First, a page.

Spare us the sanctimony on fit and proper media owners

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By all means block the deal but spare us the sanctimony. A campaign is on to prevent Sheikh Mansour bin Zayed al-Nahyan, vice-president of the United Arab Emirates, buying a major piece of the British media. That the titles in question, the Daily and Sunday Telegraph and the Spectator, are about the most important publications to the Conservative party is quickening anxiety.

For all the shifts in the media landscape, newspaper groups, and the rightwing press particularly, still carry an outsize weight in setting the political agenda. So it is not hard to see why the ownership of the Tory house journals — previously home to Boris Johnson’s scratchings — matters to Conservatives, who are making their case with high moral tone. They have a devastatingly simple argument. Sheikh Mansour is a leader of a foreign nation and one that does not believe in freedom of the press.

The UAE is a valued ally and investor in the UK. But it is not a good place to be a journalist. In the words of Reporters Without Borders (RSF): “As soon as they emit the slightest criticism, journalists and bloggers find themselves in the crosshairs of the UAE’s authorities, who are masters of online surveillance.” They can face prison for “insulting the state or spreading false information”. In RSF’s rankings of press freedom, the UAE stands 145th out of 180.

While the Spectator is thriving, the Telegraph (where I worked in the 1990s) is not the institution it was. Once a bastion of serious if somewhat crusty journalism, the title now too often descends into shrill populist paranoia and heated anti-immigrant rhetoric.

The would-be buyers are a joint venture of the Sheikh’s IMI and a US private equity firm RedBird Capital. Their supporters argue that IMI is not a UAE state entity — though it comes close — and point to safeguards to protect editorial independence. Redbird will run the titles alone under the vigilant leadership of former CNN president Jeff Zucker. Sheikh Mansour, we are told, will be a passive investor. 

Yet media history shows how little these defences are worth and it is naive to believe coverage would be allowed to be inimical to the UAE’s interests. As other proprietors have shown, you don’t need to interfere directly as long as you appoint an editor whose views align with yours and who is “sensitive” to your interests. The UAE has many welcome UK investments including Manchester City. But a football club cannot help decide the next Tory leader.

So yes, those calling for the UK to block the deal under public interest powers are right. For all the assurances, there is a principle here. A state-related entity from a country with no regard for press freedom at home should not own, even passively, a pillar of the British media. (I should note that the Financial Times is part of an employee-owned Japanese media group.)

But if we are going to have this conversation, let’s spare ourselves the humbug of pretending that existing British media moguls are as hands-off and virtuous as a Disney princess is chaste. Individuals buy newspapers for status or power and invariably use them to advance personal or professional interests. And the roll call of UK press barons is hardly one to shout about.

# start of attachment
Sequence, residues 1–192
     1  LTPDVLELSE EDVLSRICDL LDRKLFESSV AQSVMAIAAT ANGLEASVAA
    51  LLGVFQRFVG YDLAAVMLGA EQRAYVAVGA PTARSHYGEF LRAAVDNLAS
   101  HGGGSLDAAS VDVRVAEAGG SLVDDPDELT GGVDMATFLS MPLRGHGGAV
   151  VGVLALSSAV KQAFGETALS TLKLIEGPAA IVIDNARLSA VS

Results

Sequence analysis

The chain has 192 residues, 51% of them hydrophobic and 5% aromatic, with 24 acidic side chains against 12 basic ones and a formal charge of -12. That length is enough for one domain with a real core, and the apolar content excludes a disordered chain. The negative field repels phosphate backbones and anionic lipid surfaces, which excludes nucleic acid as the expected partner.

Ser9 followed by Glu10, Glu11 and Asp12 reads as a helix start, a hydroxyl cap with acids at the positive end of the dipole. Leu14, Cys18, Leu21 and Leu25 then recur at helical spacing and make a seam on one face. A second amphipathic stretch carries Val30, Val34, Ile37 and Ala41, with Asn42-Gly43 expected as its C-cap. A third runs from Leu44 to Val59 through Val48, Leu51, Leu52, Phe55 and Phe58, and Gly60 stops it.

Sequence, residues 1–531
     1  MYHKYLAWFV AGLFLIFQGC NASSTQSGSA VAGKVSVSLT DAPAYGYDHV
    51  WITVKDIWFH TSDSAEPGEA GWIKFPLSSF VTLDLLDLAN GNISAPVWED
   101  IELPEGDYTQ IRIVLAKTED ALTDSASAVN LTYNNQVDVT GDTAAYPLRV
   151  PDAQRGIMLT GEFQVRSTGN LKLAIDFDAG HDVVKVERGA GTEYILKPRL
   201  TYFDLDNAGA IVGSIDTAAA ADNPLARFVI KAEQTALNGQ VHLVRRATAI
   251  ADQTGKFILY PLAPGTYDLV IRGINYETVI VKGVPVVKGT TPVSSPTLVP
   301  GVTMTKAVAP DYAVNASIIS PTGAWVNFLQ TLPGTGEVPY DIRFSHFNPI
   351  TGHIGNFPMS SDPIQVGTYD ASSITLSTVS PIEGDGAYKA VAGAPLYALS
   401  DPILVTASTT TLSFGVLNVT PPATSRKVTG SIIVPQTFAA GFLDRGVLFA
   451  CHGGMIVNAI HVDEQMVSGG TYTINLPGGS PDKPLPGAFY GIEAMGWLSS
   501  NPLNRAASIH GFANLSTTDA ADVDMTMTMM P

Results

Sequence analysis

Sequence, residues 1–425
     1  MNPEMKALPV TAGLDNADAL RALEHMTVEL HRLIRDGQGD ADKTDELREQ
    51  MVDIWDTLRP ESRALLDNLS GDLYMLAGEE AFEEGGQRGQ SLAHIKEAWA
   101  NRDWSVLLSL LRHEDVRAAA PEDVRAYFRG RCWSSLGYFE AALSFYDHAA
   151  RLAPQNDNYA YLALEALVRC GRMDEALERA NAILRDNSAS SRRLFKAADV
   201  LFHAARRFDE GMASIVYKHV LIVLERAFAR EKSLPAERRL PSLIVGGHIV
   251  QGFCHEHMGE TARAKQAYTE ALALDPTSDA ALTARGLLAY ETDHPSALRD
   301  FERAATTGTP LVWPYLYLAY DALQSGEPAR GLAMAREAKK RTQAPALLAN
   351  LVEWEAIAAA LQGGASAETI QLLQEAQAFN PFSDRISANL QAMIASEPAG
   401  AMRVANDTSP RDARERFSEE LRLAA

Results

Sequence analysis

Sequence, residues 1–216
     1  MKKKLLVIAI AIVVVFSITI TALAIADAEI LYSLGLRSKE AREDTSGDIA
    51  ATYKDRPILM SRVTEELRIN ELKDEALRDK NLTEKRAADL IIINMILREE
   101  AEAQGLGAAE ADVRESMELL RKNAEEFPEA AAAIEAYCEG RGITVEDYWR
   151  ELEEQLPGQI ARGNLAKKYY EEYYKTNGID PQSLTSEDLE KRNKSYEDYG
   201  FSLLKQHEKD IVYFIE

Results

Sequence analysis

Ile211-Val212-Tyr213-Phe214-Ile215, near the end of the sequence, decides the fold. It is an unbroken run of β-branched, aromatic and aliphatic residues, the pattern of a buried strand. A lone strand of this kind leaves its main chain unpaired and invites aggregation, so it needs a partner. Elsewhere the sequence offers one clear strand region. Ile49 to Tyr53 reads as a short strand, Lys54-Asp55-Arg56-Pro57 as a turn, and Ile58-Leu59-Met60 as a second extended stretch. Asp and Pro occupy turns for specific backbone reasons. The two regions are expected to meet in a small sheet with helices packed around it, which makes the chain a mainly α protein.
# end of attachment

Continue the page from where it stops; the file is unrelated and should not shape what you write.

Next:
In 2015, the Telegraph’s chief political commentator resigned, claiming that the Barclay family, the outgoing owners, were suppressing stories about HSBC because it was an important advertiser. He similarly blamed the title’s relative silence over Hong Kong on a fear of upsetting Chinese interests. The Barclays’ predecessor, Conrad Black, was jailed for fraud in the US. He was later pardoned by Donald Trump.

If the Redbird IMI deal is blocked, the beneficiary could be the bid led by Sir Paul Marshall, co-owner of GB News, which gives airtime to race-baiters and conspiracy theorists.

Robert Maxwell, the late owner of the Mirror, stole hundreds of millions from the company’s pension fund. A perennial interferer in his papers, he even rigged a “spot the ball” competition to avoid paying out the £1mn prize.

Lord Evgeny Lebedev, the current co-owner of the Evening Standard, owes his media empire to the money made by his father, a former KGB officer and Russian oligarch, currently on Canada’s sanctions list. Lebedev, a supporter of Boris Johnson in the London mayoral elections, ennobled by the former prime minister, also part-owns the Independent with a Saudi businessman thought to be close to the regime.

And then there is Rupert Murdoch. The tycoon is a genuine newsman who saved the British press from the grip of the print unions. But his political influence is immense and, to many, malign. Aside from that, his stewardship has been replete with scandals. The UK phone-hacking saga, centred on his papers, led to the closure of a title and the jailing of journalists. One of the then editors is now his CEO at News UK. In the US, his Fox News network paid out $787mn to the Dominion voting equipment business for accusing it of being part of a plot to steal the 2020 presidential election, a claim the network knew was untrue.

These then are some of the existing owners. Viewed against them, the damage the sheikh could do is probably limited. And yet the conservative campaigners are probably right. There is an absolute principle worth defending. 

On that basis the deal should probably be blocked. But let’s not delude ourselves about what counts for a fit and proper owner in the UK.

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